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Texas Invasive Species Institute

Texas Invasive Species Institute

Tungoil tree

Vernicia fordii

Class: Magnoliopsida
Order: Euphorbiales
Family: Euphorbiaceae
Duration and Habit: Hardwood Trees

Vernicia fordii

Photographer: Charles T. Bryson, USDA ARS Source: Bugwood.org Copyright: CC BY 3.0 US


Vernicia fordii is a deciduous tree that can grow over 60 feet tall. The bark is smooth, thin, and exudes white sap when cut. The leaves are simple, heart-shaped or with three lobes, and 6-10 inches long. The white flowers have 5 petals with red veins, and they bloom before the leaves emerge. The toxic fruits can grow up to 3 inches in diameter and are reddish green when fully developed.

Ecological Threat

The seeds are rich in unsaturated oils that have been used as the foundation of many textiles and products including, lacquers, varnishes, paints, linoleum, oilcloth, resins and artificial leather. The oil’s various applications has made it especially valuable, therefore human interaction has allowed this plant to spread outside of its native range. Unfortunately, this plant can have a very dangerous ecological impact. ALL PARTS OF THE TREE ARE POISONOUS TO HUMANS. The leaves create a skin rash much like poison-ivy and one seed can be fatal if to humans if consumed!


Flowers bloom before leaves emerge on the tree, and require pollinators to be fertilized. Following fertilization the flowers will turn into fruits that contain 3-4 seeds within. Trees are able to reproduce by seeds within the fruits, and through vegetative reproduction from underground stems. It survives best in temperate to tropical habitats, with full sun exposure and mildly acidic soils.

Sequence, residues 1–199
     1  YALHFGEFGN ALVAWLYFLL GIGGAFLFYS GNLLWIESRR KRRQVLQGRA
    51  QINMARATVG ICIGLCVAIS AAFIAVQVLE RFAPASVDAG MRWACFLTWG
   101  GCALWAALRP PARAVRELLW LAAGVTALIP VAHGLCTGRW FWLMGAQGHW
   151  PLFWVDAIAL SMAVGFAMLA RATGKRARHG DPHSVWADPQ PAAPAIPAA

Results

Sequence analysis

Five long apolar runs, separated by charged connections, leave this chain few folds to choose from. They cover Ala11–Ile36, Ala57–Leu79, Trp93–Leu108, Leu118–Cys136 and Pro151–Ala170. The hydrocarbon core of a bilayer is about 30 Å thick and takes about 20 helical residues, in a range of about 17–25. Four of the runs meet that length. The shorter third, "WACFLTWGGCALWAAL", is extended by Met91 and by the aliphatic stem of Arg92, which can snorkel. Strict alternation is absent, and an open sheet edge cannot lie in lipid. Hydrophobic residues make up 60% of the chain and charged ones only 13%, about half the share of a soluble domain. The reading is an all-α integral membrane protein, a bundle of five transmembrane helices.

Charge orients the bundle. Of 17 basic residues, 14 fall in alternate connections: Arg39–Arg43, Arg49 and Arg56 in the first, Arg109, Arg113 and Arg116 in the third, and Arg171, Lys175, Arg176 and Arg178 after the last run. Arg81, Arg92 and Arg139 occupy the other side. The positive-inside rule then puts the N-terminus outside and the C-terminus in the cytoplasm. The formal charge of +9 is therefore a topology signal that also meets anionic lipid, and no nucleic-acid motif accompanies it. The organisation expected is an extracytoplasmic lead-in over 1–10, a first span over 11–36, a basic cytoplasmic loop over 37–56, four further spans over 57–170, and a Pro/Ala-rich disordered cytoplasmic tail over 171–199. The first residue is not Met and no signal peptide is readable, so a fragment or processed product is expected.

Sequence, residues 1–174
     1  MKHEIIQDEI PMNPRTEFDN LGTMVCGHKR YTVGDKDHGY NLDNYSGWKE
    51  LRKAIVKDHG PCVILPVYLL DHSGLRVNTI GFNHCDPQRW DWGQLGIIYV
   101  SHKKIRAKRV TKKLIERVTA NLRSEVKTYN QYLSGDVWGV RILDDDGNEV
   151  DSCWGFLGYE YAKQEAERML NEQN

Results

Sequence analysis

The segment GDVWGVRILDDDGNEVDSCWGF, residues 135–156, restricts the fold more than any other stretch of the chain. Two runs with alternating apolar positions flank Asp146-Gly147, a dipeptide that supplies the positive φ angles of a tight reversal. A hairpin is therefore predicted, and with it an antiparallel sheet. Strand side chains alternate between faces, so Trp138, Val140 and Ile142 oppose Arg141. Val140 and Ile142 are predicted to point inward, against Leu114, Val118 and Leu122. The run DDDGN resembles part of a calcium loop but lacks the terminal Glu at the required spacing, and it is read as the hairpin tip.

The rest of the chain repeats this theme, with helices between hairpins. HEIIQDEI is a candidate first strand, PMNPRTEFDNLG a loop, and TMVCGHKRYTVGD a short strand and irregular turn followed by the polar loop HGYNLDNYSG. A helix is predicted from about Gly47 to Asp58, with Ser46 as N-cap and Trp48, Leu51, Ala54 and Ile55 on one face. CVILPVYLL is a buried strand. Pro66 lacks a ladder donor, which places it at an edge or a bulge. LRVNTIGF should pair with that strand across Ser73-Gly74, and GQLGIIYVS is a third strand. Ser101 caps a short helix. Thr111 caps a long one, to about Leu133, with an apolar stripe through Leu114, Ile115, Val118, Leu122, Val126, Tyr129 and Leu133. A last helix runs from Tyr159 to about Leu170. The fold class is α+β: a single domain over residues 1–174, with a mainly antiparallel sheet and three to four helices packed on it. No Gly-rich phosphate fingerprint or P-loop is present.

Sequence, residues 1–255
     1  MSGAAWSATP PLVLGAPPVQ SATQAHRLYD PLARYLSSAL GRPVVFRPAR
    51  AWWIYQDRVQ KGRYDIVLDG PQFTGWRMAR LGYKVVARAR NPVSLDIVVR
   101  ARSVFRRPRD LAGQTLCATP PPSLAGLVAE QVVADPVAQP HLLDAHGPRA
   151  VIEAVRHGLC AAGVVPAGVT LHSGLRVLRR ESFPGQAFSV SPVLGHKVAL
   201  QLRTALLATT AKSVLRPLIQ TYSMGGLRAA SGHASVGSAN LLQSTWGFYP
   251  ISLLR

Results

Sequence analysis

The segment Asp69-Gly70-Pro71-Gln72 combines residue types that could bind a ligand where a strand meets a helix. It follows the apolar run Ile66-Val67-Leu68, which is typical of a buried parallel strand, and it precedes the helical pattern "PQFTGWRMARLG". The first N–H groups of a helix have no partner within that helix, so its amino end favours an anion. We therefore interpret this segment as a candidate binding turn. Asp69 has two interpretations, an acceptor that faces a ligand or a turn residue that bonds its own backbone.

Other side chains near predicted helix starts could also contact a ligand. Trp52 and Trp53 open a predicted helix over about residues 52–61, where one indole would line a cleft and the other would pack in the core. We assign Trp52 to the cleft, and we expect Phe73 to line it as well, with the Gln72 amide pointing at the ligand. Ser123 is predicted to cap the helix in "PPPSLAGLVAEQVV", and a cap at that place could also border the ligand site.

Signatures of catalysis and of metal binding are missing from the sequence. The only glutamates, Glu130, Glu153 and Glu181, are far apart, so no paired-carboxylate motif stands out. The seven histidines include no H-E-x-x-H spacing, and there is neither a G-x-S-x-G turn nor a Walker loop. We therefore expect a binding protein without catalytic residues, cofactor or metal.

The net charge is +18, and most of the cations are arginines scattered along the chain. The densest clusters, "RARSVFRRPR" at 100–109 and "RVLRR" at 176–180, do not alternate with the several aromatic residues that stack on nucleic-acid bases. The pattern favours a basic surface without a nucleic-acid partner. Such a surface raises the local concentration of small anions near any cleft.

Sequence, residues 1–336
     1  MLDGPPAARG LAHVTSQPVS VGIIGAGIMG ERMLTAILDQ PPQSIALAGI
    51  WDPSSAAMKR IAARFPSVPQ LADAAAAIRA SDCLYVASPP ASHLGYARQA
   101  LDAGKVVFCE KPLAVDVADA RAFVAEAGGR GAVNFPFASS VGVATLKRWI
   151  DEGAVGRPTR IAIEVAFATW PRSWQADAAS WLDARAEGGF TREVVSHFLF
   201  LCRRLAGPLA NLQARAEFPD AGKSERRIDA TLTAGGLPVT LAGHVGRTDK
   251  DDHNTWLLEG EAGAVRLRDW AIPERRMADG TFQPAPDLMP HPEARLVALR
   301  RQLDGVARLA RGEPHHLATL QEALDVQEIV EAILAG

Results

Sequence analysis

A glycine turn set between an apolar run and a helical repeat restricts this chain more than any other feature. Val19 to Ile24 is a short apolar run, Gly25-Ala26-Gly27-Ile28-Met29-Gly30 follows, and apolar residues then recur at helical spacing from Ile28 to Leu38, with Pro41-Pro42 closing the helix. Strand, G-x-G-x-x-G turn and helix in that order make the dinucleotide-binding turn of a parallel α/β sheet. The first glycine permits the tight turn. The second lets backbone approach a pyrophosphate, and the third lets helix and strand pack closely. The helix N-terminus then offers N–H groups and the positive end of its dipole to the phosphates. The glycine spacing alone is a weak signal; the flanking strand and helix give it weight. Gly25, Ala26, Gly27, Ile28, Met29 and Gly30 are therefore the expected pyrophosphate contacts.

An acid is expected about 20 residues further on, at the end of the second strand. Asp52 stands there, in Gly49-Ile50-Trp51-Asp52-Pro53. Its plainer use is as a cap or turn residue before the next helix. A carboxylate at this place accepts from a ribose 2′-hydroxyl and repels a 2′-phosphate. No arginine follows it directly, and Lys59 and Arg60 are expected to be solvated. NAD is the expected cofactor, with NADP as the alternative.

In the early 1900s the United States was importing millions of gallons of tungoil with demand steadily increasing. The Gulf Coast farmers were looking for a suitable cash crop to plant were thousands of acres had been cleared. By 1927 there were some 400 growers with over 10,000 acres of tungoil trees. Its production declined by the 1940s, leaving many of the trees to establish themselves in disturbed habitats. In 1905, the tree was successfully introduced from Florida to Texas. In Florida it is considered an invasive and noxious weed but has yet to make the Noxious Weed List. It is well established in Georgia, Alabama, Mississippi and Louisiana. In Texas it has been reported from 3 counties: Montgomery, Walker and Hardin, as early as 2010.  

Native Origin

China and Vietnam

Current Location

U.S. Habitat: Forest edges, right of ways and urban green spaces.

U.S. Present: AL, CA, FL, GA, LA, MS, PR, and TX


The first step in management is prevention and education/ If possible, mechanical removal of the trees should happen before seed production. However, since they can reproduce vegetatively through suckers, if the tree is not fully removed it could spread and create new saplings. These trees respond well to triclopyr herbicides if they’re directly applied to the stump quickly after cutting. For basal bark treatments a 25% triclopyr solution with diesel fuel also works well. Researchers are looking into the biological control benefits of the flea beetle Aphthona nigriscutis.


Brown, K.; Keeler, W. 2005. "The History of Tung Oil" (PDF). Wildland Weeds 9 (1): 4–6.

Council, G. E. P. P. 2006. List of non-native invasive plants in Georgia. Center for Invasive Species and Ecosystem Health, Warnell School of Forestry and Natural Resources, University of Georgia, Athens, Georgia.

Miller, J. H., Chambliss, E. B., & Loewenstein, N. J. 2010. Field Guide for the Identification of Invasive Plants in Southern Forests. DIANE Publishing.

Internet Sources






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